Are Your Allergy Symptoms Trying to Tell You Something?

allergy symptoms, allergies, acupuncture

Treat your allergy symptoms with acupuncture & Chinese medicine.

Often at the change of seasons I see people suffering from allergy symptoms including runny nose, itchy eyes, feeling foggy or tired. If you are reacting to pollen, grasses and other environmental “allergens,” your sensitivity and intolerance to these substances may be just the tip of an iceberg.  In Chinese medicine we treat each person individually to assess what the root of the problem could be and determine the best way to treat the manifestation of those allergy symptoms. This usually involves weekly acupuncture treatments, herbs, supplements and changes to what one is eating.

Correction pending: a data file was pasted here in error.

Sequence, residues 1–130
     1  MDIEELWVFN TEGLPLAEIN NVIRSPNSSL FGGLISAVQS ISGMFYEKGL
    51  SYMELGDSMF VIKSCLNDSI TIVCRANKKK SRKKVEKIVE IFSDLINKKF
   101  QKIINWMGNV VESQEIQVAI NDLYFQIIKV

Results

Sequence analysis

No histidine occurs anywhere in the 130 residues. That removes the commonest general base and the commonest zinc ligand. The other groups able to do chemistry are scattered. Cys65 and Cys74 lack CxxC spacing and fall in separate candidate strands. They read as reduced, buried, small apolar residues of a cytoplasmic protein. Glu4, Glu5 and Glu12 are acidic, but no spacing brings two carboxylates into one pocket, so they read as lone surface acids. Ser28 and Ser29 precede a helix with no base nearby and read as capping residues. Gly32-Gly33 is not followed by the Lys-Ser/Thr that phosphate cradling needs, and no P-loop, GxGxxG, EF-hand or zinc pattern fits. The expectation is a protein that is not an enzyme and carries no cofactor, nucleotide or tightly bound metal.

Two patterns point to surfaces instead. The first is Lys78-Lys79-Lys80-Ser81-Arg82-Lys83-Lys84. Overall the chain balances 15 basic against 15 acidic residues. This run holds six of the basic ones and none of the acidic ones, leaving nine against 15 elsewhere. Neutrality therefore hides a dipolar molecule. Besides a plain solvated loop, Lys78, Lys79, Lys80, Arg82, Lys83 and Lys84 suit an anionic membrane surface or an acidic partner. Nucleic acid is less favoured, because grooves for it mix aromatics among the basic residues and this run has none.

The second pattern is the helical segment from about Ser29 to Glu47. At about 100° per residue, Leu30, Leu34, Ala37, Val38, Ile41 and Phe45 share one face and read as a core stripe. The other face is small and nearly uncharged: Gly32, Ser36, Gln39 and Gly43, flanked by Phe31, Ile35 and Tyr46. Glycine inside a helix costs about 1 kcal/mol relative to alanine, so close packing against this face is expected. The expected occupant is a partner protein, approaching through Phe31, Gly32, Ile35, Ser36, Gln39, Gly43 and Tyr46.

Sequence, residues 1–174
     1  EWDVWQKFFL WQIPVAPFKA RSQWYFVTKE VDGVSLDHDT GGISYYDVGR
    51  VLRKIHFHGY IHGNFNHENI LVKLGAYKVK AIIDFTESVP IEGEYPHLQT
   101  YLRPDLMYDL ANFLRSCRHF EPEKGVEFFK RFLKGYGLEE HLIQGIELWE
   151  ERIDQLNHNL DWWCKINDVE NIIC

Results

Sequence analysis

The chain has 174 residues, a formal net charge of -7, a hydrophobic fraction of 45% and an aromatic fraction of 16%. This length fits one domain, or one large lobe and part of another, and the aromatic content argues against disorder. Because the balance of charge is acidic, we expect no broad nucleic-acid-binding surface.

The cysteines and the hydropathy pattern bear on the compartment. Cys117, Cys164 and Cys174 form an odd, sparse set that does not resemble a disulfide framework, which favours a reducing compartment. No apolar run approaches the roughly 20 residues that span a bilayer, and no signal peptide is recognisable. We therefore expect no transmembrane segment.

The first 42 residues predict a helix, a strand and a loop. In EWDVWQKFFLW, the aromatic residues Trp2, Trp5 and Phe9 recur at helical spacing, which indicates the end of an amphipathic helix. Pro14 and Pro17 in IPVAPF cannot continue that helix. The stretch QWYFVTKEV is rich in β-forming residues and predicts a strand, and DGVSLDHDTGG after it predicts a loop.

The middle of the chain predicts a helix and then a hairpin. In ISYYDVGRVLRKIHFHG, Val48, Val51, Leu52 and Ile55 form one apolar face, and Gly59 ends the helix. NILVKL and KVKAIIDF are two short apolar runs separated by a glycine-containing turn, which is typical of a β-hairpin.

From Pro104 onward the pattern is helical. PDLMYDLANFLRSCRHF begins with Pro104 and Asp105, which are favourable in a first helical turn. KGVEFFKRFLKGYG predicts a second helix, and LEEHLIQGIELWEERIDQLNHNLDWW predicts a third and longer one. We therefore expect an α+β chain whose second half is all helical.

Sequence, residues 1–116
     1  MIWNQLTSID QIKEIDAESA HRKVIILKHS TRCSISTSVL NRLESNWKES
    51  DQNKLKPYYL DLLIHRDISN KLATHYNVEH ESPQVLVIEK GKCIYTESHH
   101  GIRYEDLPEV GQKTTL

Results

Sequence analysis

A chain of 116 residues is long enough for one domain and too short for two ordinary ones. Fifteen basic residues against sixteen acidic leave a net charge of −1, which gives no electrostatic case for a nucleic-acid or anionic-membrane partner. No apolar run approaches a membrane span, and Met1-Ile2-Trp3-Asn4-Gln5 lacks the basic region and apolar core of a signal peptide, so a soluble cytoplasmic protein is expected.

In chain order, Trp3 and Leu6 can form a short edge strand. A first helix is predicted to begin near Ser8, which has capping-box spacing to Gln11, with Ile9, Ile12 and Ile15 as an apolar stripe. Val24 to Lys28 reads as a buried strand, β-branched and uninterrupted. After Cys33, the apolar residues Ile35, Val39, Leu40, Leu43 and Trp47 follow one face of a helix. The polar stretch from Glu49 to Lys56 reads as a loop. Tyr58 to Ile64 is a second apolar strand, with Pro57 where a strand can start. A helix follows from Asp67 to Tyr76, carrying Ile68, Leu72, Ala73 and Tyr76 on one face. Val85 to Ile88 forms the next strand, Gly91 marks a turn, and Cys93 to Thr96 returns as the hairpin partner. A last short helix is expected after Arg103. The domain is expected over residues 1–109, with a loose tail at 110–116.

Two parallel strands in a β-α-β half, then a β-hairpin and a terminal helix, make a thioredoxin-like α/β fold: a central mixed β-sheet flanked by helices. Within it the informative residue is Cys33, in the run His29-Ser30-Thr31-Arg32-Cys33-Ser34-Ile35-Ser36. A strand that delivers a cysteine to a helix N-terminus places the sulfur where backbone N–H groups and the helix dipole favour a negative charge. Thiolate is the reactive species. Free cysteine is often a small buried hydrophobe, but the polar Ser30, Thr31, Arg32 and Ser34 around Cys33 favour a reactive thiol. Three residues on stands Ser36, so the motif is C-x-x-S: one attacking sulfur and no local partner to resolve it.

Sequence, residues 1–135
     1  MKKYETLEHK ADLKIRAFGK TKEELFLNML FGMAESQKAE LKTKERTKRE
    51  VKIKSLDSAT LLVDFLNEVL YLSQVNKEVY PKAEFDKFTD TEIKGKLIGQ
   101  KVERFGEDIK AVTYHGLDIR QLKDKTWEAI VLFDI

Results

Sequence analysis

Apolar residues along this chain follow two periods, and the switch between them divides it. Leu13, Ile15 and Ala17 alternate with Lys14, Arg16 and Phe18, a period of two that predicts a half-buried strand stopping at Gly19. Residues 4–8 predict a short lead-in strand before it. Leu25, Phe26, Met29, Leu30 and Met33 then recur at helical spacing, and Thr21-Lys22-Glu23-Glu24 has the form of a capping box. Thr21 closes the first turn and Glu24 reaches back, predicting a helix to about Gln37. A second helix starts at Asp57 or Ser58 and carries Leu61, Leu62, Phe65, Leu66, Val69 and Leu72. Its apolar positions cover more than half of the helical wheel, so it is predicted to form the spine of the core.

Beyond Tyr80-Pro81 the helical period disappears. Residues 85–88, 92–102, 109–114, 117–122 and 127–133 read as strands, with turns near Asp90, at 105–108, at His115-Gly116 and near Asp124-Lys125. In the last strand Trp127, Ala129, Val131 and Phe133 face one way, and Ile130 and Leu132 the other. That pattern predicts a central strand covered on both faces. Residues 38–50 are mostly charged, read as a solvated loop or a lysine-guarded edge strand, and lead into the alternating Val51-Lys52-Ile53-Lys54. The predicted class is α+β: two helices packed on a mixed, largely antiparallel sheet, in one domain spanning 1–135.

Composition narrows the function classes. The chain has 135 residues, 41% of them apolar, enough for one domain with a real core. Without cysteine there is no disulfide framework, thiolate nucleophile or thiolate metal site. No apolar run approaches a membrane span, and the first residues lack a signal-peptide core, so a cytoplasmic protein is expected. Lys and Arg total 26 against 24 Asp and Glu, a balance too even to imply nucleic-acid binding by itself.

In Western medicine over the counter medications can reduce symptoms but do not address the root cause. In Chinese medicine both the symptoms and root cause are considered. For symptom relief, it is vital to reduce inflammation which manifests as the sneezing, wheezing, itchy eyes, headaches or foggy thinking.

We look at a number of areas to determine the best treatment: what one is eating and digestion, stress and immune system resiliency. From the Chinese medicine perspective we look at the lung and spleen qi. The lung controlling breathing and the superficial immune response and the spleen controlling the transformation, digestion and absorption of nourishment. Let’s look at each of these areas individually.

Are your allergy symptoms telling you to pay attention to what you are eating?